This Week’s Harvest
Sugar Snap Peas
Hakurei Salad Turnips
Golden and Chioggia Beets with green tops
SAVE THE DATE!
Our CSA members are invited to join us on a field walk on Wednesday July 8 at 7:30. We will tour the fields and see the how 8 acres of vegetables and flowers are managed organically. It is a great way to meet your farmers, fellow local food enthusiasts and see how your food is grown. Family and friends welcome!
All the recent rain we’ve had is blog worthy and a bit epic. It started raining on Friday June 12th and didn’t really stop until this past Sunday. We were trying to get a couple beds of sweet corn and salad mix planted when the first thunderstorm rolled through. We will never finish that particular planting and have 1 1/2 beds of corn instead of 3. The rest of the flats got tossed on the compost pile. You can’t hang on to seedlings in their little cells. Once they get root bound they will never reach their full potential. Since we seed every week that means we have things to plant every week. We have to toss the big stuff and just move on to the next thing that is ready.
Right now it seems the entire greenhouse is ready. I took a picture to show the huge seedlings. Our greenhouse should not be this full of plants this time of year! Unfortunately more rain is on tap for later this week and the fields will not have had a chance to dry out. We just have to hang tight, restart seeds, and be ready to go once we can plant again.
Not being able to plant is just one of the side effects of wet weather. When the fields are too wet we can’t weed. Ben has been off our cultivating tractor for 2 weeks. When it is dry Ben cultivates at least 5 times a week. That’s a lot of missed days. The weed pressure is going to be immense. Pictured is our next salad mix planting barely bigger then the grass weeds. The best way to manage weeds is to hit them early and kill them when they are young and don’t have developed roots. The bigger the weeds get the more resilient to cultivating they get. We are probably going to have spend a good amount of time hand weeding–never a good thing on a vegetable farm where every single man hour is precious.
And finally, while the weeds don’t mind the soggy soil, the plants we want to be growing are adversely affected. Our broccoli does not like its current swamp like environment. We were hoping for bigger heads. Fortunately we have a large planting, much of which is still coming on. The fields are starting to dry out and we have a cold front moving through at the end of the week, so next week should bring larger heads. The snap peas got water logged and the pods are slightly discolored. We’ve never experienced this on peas before, but our daily snacking is proof that the flavor is still great!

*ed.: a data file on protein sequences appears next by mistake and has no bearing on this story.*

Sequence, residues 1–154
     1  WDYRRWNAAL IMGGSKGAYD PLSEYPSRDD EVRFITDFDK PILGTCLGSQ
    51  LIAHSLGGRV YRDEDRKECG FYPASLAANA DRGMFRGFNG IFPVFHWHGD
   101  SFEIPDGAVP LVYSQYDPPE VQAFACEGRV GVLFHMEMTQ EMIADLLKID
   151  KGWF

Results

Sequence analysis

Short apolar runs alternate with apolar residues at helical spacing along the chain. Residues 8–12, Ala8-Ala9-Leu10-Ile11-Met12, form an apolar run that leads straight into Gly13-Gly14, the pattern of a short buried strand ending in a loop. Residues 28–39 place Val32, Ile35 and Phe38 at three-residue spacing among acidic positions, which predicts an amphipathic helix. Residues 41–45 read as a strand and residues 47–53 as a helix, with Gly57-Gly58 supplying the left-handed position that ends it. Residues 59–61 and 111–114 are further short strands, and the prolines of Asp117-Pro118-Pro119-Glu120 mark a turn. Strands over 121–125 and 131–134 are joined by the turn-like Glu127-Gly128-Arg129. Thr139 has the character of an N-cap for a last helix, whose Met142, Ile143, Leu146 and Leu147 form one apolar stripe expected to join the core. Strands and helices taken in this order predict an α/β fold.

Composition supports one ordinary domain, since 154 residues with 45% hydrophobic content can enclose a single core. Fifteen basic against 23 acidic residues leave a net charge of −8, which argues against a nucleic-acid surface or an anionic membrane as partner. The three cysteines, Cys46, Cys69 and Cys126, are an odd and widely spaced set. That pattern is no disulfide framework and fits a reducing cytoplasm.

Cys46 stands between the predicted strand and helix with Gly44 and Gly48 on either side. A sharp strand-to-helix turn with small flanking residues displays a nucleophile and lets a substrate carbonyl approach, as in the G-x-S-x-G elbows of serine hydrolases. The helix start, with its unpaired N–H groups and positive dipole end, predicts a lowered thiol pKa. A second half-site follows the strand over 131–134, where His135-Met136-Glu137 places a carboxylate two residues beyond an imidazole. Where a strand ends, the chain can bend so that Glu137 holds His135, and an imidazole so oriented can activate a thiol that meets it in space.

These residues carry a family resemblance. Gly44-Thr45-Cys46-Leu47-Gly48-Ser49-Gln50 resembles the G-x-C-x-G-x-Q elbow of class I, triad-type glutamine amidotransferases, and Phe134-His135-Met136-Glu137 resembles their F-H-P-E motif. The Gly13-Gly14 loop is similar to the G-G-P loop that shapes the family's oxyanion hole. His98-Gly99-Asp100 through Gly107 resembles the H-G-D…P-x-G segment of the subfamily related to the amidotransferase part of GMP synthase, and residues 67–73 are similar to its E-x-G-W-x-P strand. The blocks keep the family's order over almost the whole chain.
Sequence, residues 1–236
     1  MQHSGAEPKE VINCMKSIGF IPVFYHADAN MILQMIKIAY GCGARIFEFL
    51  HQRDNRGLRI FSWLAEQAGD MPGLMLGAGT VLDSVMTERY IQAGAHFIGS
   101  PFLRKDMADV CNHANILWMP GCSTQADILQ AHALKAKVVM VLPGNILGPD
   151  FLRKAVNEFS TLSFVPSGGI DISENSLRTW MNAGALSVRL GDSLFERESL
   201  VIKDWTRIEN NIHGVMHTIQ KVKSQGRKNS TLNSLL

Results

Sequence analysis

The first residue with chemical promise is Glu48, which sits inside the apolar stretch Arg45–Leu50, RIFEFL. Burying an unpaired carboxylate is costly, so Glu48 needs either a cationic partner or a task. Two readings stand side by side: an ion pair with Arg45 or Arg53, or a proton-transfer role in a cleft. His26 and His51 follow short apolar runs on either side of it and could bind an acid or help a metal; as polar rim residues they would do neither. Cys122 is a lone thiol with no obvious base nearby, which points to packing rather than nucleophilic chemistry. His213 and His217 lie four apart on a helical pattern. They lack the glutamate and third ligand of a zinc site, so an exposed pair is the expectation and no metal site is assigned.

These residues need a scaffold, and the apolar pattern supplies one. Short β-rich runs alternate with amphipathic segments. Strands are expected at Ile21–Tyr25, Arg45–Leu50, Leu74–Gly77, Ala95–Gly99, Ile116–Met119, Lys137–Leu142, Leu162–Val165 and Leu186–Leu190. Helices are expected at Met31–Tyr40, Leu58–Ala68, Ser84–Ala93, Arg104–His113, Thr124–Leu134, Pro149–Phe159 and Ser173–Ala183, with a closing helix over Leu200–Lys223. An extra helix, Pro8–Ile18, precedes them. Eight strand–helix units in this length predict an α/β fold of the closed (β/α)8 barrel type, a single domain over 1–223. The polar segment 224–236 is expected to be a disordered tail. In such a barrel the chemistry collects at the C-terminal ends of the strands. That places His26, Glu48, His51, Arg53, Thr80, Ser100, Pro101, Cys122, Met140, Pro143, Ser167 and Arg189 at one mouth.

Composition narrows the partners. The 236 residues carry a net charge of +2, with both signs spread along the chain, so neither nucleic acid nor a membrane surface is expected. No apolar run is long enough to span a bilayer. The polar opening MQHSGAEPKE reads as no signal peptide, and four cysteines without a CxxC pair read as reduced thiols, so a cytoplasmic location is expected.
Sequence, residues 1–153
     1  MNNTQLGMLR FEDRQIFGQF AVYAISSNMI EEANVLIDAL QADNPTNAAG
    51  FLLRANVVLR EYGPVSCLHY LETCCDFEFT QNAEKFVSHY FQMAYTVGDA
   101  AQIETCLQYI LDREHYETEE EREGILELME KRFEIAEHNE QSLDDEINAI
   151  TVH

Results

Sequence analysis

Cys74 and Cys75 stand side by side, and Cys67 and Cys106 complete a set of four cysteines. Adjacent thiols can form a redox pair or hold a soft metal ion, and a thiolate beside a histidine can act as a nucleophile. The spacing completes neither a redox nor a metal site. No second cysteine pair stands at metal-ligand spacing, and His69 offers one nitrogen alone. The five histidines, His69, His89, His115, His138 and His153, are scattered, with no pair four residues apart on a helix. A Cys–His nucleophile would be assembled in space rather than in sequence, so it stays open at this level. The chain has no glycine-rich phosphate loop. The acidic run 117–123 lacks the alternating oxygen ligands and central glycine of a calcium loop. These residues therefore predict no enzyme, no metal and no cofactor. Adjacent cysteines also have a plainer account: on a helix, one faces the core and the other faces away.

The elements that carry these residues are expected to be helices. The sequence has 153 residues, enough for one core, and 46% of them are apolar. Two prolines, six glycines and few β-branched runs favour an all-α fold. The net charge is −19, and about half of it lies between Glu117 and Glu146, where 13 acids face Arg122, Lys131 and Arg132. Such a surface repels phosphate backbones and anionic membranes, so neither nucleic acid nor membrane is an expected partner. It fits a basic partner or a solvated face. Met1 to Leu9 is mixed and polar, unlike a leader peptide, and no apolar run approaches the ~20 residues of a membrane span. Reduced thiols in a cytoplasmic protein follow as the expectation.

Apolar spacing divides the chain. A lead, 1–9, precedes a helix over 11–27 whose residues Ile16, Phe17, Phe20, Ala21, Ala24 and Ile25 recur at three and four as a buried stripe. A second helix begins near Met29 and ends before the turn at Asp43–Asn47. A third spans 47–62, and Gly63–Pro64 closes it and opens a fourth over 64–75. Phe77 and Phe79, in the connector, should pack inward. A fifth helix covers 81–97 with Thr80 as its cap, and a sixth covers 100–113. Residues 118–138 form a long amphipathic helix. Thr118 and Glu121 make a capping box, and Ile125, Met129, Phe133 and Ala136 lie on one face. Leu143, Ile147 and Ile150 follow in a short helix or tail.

We’ve been at this veggie farming business long enough to know that things are never going to go perfectly. While it is hard not to get stressed out about things out of our control, the healthiest attitude for a farmer to take is one of looking on the bright side. As such, I will end this post on a positive note. We managed to get our sweet potato crop in the ground the day before all this rain. We order slips from an organic farmer and if they would have arrived in the mail a couple days later, we would have no sweet potato crop this year. The slips are starting to put on new growth and are looking healthy. I have also starting cutting the first planting of sunflowers. Typically when the fields get saturated the top heavy sunflowers flop over, producing unusable crooked stems. But I am happy to report that the planting hung on through wind and rain and the cooler will be full of sunflowers soon. The sunflower share may start next week!
Remember to click on the vegetable list above for even more recipes specific to each vegetable.
Pasta with Peas, basil and Spinach (Substitute finely chopped Swiss chard for the spinach and add when you add the peas)
Glazed Turnips and Snap Peas (use scallions in place of onion)
Romaine salad with roasted beets (one romaine is plenty)